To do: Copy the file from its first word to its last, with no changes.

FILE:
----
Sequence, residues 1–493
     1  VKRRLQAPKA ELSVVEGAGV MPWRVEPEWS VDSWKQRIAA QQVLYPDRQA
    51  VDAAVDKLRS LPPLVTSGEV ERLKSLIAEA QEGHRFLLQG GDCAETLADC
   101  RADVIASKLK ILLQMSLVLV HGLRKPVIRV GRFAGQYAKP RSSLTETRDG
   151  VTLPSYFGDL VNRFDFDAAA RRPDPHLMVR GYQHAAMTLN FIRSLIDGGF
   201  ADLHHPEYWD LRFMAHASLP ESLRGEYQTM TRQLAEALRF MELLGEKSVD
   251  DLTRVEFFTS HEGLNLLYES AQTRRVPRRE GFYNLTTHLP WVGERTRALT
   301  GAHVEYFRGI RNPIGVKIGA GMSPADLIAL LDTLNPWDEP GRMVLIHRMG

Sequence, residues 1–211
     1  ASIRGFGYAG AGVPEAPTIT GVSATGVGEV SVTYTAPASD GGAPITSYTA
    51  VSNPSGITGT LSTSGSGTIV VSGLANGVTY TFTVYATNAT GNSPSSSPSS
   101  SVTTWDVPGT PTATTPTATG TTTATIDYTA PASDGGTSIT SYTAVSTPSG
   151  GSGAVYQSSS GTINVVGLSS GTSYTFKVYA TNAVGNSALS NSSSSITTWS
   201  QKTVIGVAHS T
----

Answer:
Sequence, residues 1–493
     1  VKRRLQAPKA ELSVVEGAGV MPWRVEPEWS VDSWKQRIAA QQVLYPDRQA
    51  VDAAVDKLRS LPPLVTSGEV ERLKSLIAEA QEGHRFLLQG GDCAETLADC
   101  RADVIASKLK ILLQMSLVLV HGLRKPVIRV GRFAGQYAKP RSSLTETRDG
   151  VTLPSYFGDL VNRFDFDAAA RRPDPHLMVR GYQHAAMTLN FIRSLIDGGF
   201  ADLHHPEYWD LRFMAHASLP ESLRGEYQTM TRQLAEALRF MELLGEKSVD
   251  DLTRVEFFTS HEGLNLLYES AQTRRVPRRE GFYNLTTHLP WVGERTRALT
   301  GAHVEYFRGI RNPIGVKIGA GMSPADLIAL LDTLNPWDEP GRMVLIHRMG

Sequence, residues 1–211
     1  ASIRGFGYAG AGVPEAPTIT GVSATGVGEV SVTYTAPASD GGAPITSYTA
    51  VSNPSGITGT LSTSGSGTIV VSGLANGVTY TFTVYATNAT GNSPSSSPSS
   101  SVTTWDVPGT PTATTPTATG TTTATIDYTA PASDGGTSIT SYTAVSTPSG
   151  GSGAVYQSSS GTINVVGLSS GTSYTFKVYA TNAVGNSALS NSSSSITTWS
   201  QKTVIGVAHS T